Networking in the air


By Steve Martin for British Airways Business Life magazine

Photography by British Airways

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Mai 2016

Striking up conversation with strangers on your journey could be good for you and your contacts book, says business author, Steve Martin.

Are you the sort of traveller who prefers to keep yourself to yourself? The sort who welcomes the solitude that an hour or two in an aircraft offers, to catch up on paperwork, read or just be alone with your thoughts without the interruptions that typically blight your busy day?

Or are you a more social traveller? Someone who seeks out connections with others, alert to the possibility of meeting interesting new people who may even turn out to be useful business contacts?

When we feel involved and connected to others, our feelings of wellbeing soar

We humans are the most social of all creatures. When we feel involved and connected to others, our feelings of wellbeing soar. In contrast, when isolated or marginalised, we feel unhappy. So why is it, for a species that so clearly benefits from connecting to others, that most people who find themselves in close proximity to others (like on a flight for instance), appear to value isolation more?

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  • We humans are the most social of all creatures © 123rf
  • Our modern world offers so many opportunities to connect © 123rf
  • Feel more positive about your journey

Several reasons come to mind. We might start talking to a stranger only to find that they are actually quite unpleasant. Worse still, they might think that we are! Or maybe our modern, super-connected world offers so many technology-based opportunities to connect with others that we overlook the existence of the most basic of them. Whatever the reasons for our reluctance to reach out, Nicholas Epley and Juliana Schroeder from the Booth School of Business in Chicago suggest there are considerable upsides to connecting with strangers. In one of their studies they approached a random sample of commuters and asked them to start a conversation with someone on their journey to work and find out something interesting about them, and also tell them something about themselves. They also approached a second group of commuters and explicitly asked them to keep themselves to themselves and enjoy the solitude. Everyone the researchers approached was given a survey, which they were asked to complete and send back at the end of their journey.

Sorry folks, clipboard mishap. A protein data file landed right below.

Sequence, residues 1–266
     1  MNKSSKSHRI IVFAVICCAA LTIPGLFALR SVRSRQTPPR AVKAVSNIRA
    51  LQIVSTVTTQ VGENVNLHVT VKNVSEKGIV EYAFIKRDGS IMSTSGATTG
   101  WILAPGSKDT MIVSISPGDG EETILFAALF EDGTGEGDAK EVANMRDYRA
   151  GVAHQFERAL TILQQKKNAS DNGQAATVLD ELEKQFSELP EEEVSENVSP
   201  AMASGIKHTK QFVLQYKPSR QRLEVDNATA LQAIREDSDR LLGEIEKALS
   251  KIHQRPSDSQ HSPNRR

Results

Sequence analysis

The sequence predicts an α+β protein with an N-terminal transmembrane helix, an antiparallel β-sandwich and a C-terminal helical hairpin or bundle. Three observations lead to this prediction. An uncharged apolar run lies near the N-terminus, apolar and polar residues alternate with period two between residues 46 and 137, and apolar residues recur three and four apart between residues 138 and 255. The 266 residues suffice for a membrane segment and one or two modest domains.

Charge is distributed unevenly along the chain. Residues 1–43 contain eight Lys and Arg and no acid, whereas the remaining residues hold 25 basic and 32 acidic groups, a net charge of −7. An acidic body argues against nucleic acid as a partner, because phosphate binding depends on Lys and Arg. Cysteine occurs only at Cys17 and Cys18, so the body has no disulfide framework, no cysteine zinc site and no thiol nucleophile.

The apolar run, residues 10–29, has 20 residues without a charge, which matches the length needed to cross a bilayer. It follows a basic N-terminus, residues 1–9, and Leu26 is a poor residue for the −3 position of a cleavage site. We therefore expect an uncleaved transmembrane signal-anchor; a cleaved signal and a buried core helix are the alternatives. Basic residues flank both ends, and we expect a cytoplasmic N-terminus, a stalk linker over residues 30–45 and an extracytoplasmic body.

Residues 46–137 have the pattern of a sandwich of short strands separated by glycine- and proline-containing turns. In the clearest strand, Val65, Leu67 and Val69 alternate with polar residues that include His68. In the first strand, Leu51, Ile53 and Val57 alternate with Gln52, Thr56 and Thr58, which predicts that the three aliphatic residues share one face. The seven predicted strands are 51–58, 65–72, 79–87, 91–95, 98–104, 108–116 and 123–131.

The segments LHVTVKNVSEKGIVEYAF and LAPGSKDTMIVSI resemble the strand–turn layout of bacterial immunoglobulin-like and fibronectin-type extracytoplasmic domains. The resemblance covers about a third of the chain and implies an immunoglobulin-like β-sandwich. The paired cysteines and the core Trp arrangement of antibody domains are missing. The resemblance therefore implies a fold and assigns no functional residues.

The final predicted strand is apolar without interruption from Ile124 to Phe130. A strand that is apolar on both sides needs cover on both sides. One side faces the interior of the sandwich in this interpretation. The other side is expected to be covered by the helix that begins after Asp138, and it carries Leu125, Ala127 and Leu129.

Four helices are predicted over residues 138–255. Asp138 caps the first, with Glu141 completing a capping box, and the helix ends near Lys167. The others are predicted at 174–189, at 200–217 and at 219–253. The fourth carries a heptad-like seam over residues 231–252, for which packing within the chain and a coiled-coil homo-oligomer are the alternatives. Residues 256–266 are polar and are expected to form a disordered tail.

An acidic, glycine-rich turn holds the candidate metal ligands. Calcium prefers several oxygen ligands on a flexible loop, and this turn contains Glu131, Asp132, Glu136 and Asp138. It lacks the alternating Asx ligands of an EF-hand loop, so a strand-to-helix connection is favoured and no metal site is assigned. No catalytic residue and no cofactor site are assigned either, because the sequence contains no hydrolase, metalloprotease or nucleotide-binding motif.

Discover our top 10 tips on making small talk >

From trains to buses and waiting rooms to departure lounges, a common pattern emerged from the completed surveys. Those instructed to proactively make a connection reported having a significantly more positive journey experience than participants in the solitude condition. Conversations on average lasted around 14 minutes, were pleasant and most reported a positive impression of the person they spoke to. Interestingly, these positive connections didn't appear to come at any significant cost to productivity. Whether this is because commuters generally aren't as productive on journeys as they would like to think they are is unclear. What is clear, however, is that none of the people who engaged with a stranger reported feeling that a potentially productive commute was wasted. So next time you’re on board, why not turn to the person next to you and say, "Hello"? There's a good chance you'll feel more positive about your journey and, who knows, in 14 minutes time you might even have a great new business contact.

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